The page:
Ski fashion has evolved over the last century from practical clothing in its early beginnings to the fashionable and functional gear of today. The development of new materials and technology, as well as cultural shifts, have played a pivotal role in the fashion trends found on the slopes over the last several decades. As the 2023 ski season in the Vail Valley comes to an end, it’s important to understand where it all began.
Early Origins of Skiing
The origins of skiing can be traced back to ancient times when Scandinavians used simple wooden skis for transportation, hunting, and military purposes. Clothing for Nordic skiing was primarily focused on protection from the harsh winter environment. Skiers donned animal skins and furs as well as long, loose wool garments.
Skiing was primarily enjoyed by wealthy families in the 19th century. In the early years, skiers commonly wore long, heavy wool skirts and jackets in muted colors. These outfits were designed for warmth, layering numerous pieces of bulky clothing to combat the winter weather.
1920’s & 1930’s
Recreational skiing became more popular in the 1920’s and 1930’s as ski resorts were established in Europe and North America. Clothes for skiing in the early 1920s were based on practicality, which included warm wool layers. Women would wear thick, chunky sweaters and full-length skirts while men wore heavy trousers with knee-high socks. After the first Winter Olympics was held in 1924, European designers produced more fashionable ski attire, including two-piece suits.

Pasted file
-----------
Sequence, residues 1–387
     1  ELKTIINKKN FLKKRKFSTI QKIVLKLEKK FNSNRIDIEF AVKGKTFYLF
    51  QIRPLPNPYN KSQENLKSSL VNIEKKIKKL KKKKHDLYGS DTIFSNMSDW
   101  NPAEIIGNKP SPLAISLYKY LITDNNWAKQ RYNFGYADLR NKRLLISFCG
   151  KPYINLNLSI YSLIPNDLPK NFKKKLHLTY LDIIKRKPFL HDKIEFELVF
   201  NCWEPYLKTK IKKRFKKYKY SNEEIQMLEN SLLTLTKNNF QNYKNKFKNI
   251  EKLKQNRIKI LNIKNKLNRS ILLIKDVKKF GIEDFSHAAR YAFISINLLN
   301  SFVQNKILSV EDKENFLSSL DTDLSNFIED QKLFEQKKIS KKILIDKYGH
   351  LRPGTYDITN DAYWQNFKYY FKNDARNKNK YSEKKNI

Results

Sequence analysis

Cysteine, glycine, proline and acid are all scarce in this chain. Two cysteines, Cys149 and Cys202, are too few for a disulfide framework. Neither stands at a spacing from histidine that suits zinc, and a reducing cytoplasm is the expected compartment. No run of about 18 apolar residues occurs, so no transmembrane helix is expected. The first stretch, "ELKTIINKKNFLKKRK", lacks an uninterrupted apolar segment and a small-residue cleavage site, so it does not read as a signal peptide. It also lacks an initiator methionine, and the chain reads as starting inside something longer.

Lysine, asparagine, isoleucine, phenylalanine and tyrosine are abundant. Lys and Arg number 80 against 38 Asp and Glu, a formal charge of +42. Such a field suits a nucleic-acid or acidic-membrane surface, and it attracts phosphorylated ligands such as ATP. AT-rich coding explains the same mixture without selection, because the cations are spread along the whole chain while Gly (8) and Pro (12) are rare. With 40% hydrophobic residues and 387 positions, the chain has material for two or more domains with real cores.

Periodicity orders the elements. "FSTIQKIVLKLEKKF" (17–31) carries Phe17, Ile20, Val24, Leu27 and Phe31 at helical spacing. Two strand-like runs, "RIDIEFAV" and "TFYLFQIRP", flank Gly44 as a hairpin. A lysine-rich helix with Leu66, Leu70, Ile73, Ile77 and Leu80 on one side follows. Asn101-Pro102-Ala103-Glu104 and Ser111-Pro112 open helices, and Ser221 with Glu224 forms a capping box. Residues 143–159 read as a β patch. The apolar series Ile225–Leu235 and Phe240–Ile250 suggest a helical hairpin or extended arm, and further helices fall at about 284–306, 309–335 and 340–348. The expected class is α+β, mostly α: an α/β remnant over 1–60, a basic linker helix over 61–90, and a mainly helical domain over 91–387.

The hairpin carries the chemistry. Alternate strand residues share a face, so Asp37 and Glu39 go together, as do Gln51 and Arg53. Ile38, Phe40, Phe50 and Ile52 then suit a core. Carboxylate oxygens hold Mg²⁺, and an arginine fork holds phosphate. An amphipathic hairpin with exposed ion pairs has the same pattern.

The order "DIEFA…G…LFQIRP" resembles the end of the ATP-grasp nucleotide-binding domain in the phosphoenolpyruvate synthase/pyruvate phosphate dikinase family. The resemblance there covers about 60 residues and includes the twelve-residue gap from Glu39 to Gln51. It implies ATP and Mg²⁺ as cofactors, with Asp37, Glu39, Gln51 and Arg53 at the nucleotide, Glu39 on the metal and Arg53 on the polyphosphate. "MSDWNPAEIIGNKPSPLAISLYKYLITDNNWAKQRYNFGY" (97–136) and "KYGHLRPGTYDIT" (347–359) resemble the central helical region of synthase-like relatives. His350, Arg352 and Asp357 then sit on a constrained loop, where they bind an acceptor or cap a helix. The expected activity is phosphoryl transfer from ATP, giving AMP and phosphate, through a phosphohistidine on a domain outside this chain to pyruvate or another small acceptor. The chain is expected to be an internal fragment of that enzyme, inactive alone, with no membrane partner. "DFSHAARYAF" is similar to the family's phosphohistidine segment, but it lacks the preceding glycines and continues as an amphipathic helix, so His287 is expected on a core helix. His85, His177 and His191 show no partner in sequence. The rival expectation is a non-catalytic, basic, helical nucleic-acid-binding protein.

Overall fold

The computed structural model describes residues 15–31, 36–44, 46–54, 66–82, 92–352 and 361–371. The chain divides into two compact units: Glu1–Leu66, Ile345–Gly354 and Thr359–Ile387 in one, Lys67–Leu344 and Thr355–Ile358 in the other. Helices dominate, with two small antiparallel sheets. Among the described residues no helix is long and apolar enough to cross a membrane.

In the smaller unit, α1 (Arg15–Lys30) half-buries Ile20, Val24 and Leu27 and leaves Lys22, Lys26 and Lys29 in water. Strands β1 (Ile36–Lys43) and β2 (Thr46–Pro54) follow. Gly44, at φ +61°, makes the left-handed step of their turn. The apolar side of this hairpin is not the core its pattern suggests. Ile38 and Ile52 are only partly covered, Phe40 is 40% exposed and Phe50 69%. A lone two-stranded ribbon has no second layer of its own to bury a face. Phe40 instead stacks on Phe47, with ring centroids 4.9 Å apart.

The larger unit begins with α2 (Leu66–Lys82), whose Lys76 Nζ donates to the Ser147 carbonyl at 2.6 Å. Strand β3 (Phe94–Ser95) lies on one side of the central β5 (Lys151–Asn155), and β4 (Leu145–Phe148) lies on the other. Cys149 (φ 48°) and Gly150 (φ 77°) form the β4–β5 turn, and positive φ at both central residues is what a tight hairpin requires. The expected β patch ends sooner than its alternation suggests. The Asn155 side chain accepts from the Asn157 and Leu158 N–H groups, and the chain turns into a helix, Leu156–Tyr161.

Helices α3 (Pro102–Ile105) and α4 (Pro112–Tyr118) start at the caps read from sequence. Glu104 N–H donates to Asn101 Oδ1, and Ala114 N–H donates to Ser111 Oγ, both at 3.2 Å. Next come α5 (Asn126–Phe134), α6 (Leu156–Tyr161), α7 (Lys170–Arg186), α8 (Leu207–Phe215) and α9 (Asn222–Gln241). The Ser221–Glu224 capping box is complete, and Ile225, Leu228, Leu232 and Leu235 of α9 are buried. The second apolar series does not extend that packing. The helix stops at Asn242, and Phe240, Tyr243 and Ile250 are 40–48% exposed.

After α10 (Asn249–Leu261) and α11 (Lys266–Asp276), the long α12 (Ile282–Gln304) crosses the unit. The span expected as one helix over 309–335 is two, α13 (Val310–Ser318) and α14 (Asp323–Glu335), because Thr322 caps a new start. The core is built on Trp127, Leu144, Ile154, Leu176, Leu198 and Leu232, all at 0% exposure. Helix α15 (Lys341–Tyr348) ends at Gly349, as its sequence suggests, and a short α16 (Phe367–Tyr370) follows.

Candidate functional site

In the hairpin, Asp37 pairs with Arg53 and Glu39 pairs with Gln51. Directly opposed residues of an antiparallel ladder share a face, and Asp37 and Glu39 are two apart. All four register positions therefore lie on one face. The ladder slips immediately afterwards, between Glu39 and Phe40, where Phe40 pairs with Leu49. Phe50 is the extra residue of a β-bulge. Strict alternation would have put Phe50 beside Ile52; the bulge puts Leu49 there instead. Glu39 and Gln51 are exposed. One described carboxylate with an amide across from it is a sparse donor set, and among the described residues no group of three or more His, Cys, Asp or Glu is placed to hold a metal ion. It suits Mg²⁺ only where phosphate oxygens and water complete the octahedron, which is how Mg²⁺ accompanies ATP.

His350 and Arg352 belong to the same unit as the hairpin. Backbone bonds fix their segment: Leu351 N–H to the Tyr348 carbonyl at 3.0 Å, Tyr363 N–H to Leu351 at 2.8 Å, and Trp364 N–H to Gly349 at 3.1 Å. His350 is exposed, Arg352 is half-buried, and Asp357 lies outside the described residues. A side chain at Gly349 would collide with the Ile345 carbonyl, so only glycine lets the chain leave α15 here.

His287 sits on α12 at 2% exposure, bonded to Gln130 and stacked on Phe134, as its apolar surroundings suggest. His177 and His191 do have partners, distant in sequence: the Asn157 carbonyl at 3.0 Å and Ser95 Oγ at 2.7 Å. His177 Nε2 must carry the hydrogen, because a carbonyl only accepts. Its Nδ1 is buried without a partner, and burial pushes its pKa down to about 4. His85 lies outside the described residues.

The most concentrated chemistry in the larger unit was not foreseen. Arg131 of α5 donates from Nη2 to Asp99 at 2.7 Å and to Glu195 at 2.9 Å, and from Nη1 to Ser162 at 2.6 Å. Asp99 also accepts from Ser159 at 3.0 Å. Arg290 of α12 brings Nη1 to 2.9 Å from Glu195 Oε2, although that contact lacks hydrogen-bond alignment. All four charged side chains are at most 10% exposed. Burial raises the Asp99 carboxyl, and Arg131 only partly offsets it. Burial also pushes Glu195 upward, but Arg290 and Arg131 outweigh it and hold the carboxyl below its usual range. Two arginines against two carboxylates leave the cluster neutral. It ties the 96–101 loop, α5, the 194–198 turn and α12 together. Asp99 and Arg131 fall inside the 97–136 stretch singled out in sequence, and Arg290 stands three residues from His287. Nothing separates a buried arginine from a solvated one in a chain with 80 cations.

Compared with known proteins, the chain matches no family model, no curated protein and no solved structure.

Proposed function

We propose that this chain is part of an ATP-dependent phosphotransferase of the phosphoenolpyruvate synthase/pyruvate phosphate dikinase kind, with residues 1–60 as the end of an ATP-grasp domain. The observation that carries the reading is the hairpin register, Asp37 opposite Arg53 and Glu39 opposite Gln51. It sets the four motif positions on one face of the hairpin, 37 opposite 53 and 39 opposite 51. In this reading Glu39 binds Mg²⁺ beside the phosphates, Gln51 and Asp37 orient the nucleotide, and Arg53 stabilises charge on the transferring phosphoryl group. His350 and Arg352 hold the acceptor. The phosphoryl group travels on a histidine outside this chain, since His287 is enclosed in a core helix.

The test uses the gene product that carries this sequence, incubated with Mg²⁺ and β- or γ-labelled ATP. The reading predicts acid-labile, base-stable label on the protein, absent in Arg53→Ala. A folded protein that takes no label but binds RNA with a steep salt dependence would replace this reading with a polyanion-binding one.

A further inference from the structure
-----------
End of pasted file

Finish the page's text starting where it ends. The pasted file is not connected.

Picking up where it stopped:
In the 1930’s, the influence of European fashion made its mark on the slopes. Clothing became more fitted to allow greater mobility. Ski suits were still made of heavy wool and lined in thick flannel, but silhouettes became more streamlined. Ski jackets, which resembled blazers, became shorter and more fitted, and ski pants replaced ankle-length skirts. In the mid-1930’s, American designer Eddie Bauer introduced the first goose-down jacket, which was warm and lightweight. Slimmer designs and warmer coats allowed skiers to move more freely and stay out longer on the slopes.
1940’s & 1950’s
Skiing fashion took a giant leap forward in the post-World War II era due to the popularity of couture clothes and significant advancements in materials and technology.
Ski style became fashionable and chic, which included sleek and streamlined looks that were also functional and warm. Emilio Pucci, a famous Italian designer, produced the first one-piece ski suit, which was colorful and form-fitting. This trendy chalet-ready look ended up in Harper’s Bazaar, launching ski style into the public eye.